I remember watching this miniseries a year ago when it was first released. And, in the light of recent events, I felt it was appropriate that this week we talked about When They See Us.
As I watched through these episodes I was confronted with a sea of emotions and the horrifying reality and injustice of the 1989 Central Park jogger case.
The scenes, stories, and harsh realities we are enlightened with when we watch this miniseries is uncomfortable. However, this isn’t a warning – this should not come as a surprise. In fact, the more uncomfortable we feel when watching this miniseries, the better.
But with that being said, this miniseries explores the lives and families of the five innocent male adolescent suspects who were falsely accused and prosecuted for the rape and assault of a woman in Central Park.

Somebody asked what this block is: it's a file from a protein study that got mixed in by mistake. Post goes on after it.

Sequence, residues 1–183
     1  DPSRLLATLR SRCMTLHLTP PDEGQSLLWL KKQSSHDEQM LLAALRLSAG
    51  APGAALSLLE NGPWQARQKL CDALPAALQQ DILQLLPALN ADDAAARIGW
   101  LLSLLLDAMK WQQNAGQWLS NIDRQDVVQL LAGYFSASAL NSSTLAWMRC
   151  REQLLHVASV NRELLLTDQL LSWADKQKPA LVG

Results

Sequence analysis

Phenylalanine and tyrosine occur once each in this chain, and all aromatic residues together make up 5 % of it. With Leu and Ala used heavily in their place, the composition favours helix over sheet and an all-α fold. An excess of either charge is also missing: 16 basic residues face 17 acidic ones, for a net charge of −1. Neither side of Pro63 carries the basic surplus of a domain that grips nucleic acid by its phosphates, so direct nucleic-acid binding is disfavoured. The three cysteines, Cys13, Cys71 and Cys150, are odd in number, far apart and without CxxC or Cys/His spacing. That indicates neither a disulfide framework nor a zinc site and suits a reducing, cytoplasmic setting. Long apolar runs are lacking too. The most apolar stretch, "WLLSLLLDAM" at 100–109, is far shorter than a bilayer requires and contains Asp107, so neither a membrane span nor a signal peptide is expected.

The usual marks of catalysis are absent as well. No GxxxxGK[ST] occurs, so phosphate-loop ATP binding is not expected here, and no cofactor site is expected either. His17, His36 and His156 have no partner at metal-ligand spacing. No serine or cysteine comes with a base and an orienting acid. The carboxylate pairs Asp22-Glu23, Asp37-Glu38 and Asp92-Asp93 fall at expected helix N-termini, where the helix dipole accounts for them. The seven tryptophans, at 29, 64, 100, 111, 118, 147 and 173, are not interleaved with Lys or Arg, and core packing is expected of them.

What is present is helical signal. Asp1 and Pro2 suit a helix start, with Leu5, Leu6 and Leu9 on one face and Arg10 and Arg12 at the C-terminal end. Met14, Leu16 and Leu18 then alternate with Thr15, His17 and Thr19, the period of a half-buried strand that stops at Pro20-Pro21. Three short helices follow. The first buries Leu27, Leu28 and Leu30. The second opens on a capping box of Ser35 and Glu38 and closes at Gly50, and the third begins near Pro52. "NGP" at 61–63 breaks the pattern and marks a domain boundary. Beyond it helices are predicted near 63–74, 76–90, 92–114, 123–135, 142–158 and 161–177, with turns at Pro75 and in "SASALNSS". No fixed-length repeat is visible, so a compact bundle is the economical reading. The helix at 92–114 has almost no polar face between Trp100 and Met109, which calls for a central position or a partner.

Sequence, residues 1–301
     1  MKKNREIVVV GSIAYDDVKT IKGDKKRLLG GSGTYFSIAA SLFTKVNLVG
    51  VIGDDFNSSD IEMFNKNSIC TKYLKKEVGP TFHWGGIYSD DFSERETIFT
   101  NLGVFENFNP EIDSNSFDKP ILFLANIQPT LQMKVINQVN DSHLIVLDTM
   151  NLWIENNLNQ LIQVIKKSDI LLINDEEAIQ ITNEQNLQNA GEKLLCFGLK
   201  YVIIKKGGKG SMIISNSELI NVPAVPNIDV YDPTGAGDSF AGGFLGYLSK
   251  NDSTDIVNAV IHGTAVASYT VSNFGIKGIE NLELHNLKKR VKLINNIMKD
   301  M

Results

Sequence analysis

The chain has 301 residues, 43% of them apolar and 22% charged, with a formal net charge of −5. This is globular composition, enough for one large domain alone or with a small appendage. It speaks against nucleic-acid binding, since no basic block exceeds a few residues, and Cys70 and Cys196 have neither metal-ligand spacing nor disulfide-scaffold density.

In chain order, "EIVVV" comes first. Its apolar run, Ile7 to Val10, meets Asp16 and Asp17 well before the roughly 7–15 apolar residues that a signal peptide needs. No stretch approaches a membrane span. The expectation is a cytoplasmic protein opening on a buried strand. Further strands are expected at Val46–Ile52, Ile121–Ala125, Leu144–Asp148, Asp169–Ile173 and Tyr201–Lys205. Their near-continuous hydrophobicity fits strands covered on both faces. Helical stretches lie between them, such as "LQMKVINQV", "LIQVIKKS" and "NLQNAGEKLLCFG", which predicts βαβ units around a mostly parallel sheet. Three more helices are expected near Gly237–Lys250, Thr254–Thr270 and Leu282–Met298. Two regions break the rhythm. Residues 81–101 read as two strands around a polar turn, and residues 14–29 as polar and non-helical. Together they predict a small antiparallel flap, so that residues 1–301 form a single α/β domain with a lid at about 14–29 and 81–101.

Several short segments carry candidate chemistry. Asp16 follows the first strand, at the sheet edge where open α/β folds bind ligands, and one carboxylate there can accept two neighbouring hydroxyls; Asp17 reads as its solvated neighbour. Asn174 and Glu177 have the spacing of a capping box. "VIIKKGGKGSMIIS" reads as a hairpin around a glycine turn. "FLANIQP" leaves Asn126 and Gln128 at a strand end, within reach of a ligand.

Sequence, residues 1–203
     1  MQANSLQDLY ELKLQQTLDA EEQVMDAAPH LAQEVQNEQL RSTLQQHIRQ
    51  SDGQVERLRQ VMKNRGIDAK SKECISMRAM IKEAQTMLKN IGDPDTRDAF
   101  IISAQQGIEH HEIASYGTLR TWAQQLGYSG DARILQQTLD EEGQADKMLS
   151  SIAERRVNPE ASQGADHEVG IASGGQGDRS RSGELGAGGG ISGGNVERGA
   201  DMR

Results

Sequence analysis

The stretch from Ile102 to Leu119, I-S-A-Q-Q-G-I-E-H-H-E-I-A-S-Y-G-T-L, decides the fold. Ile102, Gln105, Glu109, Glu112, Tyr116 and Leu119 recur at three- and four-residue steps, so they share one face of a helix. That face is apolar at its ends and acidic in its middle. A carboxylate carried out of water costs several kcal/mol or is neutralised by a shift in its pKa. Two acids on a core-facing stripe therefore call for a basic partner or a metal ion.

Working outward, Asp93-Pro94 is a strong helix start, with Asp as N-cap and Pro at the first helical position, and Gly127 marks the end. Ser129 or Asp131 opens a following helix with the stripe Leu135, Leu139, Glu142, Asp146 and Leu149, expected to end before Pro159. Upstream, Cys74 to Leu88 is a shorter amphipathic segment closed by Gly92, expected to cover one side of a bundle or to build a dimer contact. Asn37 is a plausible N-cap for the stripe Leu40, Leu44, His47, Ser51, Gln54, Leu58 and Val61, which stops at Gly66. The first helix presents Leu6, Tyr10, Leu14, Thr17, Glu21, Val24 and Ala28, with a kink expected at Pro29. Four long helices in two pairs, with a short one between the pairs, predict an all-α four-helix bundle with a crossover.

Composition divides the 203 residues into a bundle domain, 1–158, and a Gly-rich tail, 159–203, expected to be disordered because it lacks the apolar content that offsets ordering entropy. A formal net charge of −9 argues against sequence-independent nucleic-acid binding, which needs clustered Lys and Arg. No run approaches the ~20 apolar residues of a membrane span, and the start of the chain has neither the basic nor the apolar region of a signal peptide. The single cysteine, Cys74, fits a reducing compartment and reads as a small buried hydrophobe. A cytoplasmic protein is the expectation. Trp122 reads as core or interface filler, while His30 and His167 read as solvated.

They were pulled into this nightmare for merely being at the wrong place at the wrong time – judged and unrightfully charged due to the colour of their skin. The five boys were all under 16 years of age, with one being Latino and four being African-American.
Directed by Ava DuVernay, When They See Us, explores how there is zero physical evidence that could tie them to the crime and moreover, the teenagers were left interrogated without any guardians for seven brutal hours.
As kids, they were easily persuaded during the police interrogation to say things that were false that harmed them and their future with no return.
DuVernay does a brilliant and careful job when presenting this story. This miniseries is chilling, to say the least.
There are no such things as ‘spoilers’ in this review. And, if you are looking for a way to educate yourself of the flawed justice system that has been around for decades with no avail, this miniseries will do just that.
Again, this will be an uncomfortable and confronting watch – but I encourage all to take the time out to see this.